id uncertainty surrounding the reopened Domestic Debt Exchange Programme (DDEP) for Daakye Trust PLC and ESLA PLC, the market anticipates a tempered performance in the financial markets – particularly on the primary front.
Investors are eagerly awaiting additional details concerning the domestic debt exchange’s reopening and forthcoming decision from the Bank of Ghana (BoG) Monetary Policy Committee (MPC). This cautious approach is expected to cast a shadow over primary market activities, with experts closely monitoring developments.
“We expect activity on the primary market to be moderated by the need for further clarification on reopening the domestic debt exchange, and also news surrounding the MPC meeting that started September 19, 2023,” Constant Capital mentioned in its weekly monitor.
Government’s announcement on September 13, 2023 regarding the reopening of its invitation to debt exchange has further complicated market dynamics. In a statement issued this week, members of the Pensioner Bondholders’ Forum have rejected another attempt by government to rope them into the Domestic Debt Exchange Programme (DDEP).
Similarly, the Ghana Association of Banks (GAB) earlier this month declared that its member-banks will refrain from participating in any further rounds of the DDEP until they receive official communication from government confirming the programme’s end – since additional burdens on the banks could lead to collapse of their operations.
This invitation extends to holders of unexchanged government bonds – Daakye Trust PLC and ESLA PLC – for a new set of bonds. The target issuance size for this reopened offer is GH¢12.94billion, with terms identical to the initial DDEP across different categories. This invitation supports investors who may liquidate these bonds before maturity, as it allows them to exchange less-liquid notes and bonds for potentially liquid ones.
“While government will continue honouring its obligation to holders of these bonds, the evidence post-DDEP suggests the Treasury may prioritise servicing the exchanged debts amid domestic resource challenges,” GCB Capital also noted in its weekly review of the market.
In the upcoming week, the Treasury is set to refinance maturing debt with a total face value (FV) of GH¢ 2.41billion in the 91- and 182-day bills. To achieve this, government aims to raise GH¢2.59billion in the next primary auction scheduled for Friday.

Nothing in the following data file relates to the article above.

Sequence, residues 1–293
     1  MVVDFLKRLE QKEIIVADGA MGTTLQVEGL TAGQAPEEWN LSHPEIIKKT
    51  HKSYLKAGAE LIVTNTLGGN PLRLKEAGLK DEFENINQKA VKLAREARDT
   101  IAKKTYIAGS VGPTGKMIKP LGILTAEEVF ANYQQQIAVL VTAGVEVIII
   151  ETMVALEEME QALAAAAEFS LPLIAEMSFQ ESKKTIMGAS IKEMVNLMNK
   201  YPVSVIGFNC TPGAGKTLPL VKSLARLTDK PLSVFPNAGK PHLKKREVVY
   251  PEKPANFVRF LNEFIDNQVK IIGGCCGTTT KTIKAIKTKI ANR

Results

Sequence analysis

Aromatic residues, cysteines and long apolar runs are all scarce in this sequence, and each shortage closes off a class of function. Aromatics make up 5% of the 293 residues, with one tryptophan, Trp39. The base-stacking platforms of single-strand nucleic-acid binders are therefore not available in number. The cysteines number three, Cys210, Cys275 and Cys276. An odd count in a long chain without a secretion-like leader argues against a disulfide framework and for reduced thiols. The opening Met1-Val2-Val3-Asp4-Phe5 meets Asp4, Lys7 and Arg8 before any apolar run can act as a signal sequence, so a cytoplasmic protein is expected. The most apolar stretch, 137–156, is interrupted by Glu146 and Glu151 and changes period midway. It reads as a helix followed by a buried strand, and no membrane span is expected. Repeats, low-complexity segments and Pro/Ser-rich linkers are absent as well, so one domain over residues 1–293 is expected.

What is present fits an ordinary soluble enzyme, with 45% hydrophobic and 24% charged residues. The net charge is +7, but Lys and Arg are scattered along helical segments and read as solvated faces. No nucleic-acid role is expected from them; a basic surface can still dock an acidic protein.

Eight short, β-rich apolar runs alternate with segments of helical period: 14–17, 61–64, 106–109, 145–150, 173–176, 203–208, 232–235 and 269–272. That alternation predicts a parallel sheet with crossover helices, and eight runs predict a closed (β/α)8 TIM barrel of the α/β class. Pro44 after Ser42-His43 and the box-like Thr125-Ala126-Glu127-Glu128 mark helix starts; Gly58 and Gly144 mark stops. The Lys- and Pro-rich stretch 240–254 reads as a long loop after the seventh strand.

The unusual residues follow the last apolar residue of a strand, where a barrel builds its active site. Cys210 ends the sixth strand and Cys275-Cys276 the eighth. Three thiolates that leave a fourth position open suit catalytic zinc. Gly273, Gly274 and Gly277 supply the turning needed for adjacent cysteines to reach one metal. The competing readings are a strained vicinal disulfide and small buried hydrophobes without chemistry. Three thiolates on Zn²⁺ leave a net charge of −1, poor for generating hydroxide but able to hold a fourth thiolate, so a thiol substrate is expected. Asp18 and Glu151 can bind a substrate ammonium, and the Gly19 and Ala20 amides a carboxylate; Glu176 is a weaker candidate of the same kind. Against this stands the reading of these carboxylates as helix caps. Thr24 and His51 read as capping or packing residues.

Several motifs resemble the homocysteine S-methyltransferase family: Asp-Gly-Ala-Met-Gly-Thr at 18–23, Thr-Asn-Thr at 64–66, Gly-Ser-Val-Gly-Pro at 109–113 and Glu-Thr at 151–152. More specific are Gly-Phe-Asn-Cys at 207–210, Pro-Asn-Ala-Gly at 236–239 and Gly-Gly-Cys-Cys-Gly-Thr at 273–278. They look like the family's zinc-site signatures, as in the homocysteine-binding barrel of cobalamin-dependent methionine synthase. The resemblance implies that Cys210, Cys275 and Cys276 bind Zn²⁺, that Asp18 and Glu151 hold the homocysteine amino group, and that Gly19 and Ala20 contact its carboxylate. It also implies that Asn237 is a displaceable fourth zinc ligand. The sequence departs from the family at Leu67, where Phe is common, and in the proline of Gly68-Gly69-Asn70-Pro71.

However, last week saw a dip of enthusiasm in the primary market, breaking a four-week streak of oversubscription. The Treasury managed to secure GH¢3.35billion of its GH¢3.76billion target, representing an undersubscription of 10.86 percent.
This shortfall means that only 95 percent of the maturing FV of GH¢3.5billion will be covered. As expected, yields continued to rise – with the 91-day, 182-day and 365-day papers settling at 28.12 percent, 29.39 percent and 32.17 percent respectively at the auction’s end.
The previous T-bill auction witnessed a total demand of GH¢3.15billion; a 7 percent increase week-on-week against a target size of GH¢3.76billion, marking a substantial 44.5 percent weekly increase. Th
e Treasury accepted 99.9 percent of the tendered bids, yet this still fell 16 percent short of the auction target and 10 percent below the T-bill maturity obligation.
The primary reason for this shortfall was the significantly larger target size and weekly refinancing obligation compared to the steady growth in demand. The benchmark 91-day bill reached 28.12 percent, indicating a 33 basis-points week-on-week increase. The 182-day and 364-day bills also saw upward movements, settling at 29.29 percent and 32.17 percent respectively.
On a separate note, the Consumer Price Index (CPI) data released last week indicated that headline inflation eased by 3 percent in August 2023. This decline comes just ahead of the MPC meeting scheduled from September 19th to 22nd.
Despite lingering upside risks from petroleum prices, experts anticipate that inflation will continue to decrease throughout the fourth quarter of 2023, primarily due to favourable base drift effects. Consequently, it is expected that the Monetary Policy Committee will maintain a rate-neutral stance for the remainder of 2023, with a potential pivot in the first quarter of 2024 once inflation eases sufficiently.
The upcoming Bank of Ghana MPC meeting is pivotal to the nation’s economic outlook, and investors are keenly watching for signs of how the central bank will navigate these complex market conditions.